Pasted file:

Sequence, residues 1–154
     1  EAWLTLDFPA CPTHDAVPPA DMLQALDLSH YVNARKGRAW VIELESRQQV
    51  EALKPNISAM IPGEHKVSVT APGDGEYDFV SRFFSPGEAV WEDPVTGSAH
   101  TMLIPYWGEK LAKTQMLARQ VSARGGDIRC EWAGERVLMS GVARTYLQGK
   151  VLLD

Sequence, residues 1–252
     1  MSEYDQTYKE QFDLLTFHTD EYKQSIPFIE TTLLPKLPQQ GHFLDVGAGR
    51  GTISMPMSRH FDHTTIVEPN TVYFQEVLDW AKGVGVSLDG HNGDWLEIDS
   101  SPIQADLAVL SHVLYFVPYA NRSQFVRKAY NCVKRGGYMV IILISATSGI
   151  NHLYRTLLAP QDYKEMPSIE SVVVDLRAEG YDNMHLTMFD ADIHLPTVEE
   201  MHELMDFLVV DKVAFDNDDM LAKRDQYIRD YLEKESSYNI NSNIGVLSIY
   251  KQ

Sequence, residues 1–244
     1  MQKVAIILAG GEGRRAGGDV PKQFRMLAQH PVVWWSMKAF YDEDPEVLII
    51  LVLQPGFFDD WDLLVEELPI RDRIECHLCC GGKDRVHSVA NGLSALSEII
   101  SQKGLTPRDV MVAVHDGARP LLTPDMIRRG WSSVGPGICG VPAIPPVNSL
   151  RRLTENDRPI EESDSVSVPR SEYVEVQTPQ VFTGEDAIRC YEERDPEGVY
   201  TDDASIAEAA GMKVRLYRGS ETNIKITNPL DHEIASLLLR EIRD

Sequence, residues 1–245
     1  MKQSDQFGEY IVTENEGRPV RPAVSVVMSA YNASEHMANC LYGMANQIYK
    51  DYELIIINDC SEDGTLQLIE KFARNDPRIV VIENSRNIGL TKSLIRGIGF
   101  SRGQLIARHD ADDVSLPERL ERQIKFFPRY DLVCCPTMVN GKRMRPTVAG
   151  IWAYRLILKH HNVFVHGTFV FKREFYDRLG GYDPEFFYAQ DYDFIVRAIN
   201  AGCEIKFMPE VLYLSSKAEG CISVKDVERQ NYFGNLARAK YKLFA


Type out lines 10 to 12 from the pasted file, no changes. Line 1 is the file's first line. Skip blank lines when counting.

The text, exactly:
   151  NHLYRTLLAP QDYKEMPSIE SVVVDLRAEG YDNMHLTMFD ADIHLPTVEE
   201  MHELMDFLVV DKVAFDNDDM LAKRDQYIRD YLEKESSYNI NSNIGVLSIY
   251  KQ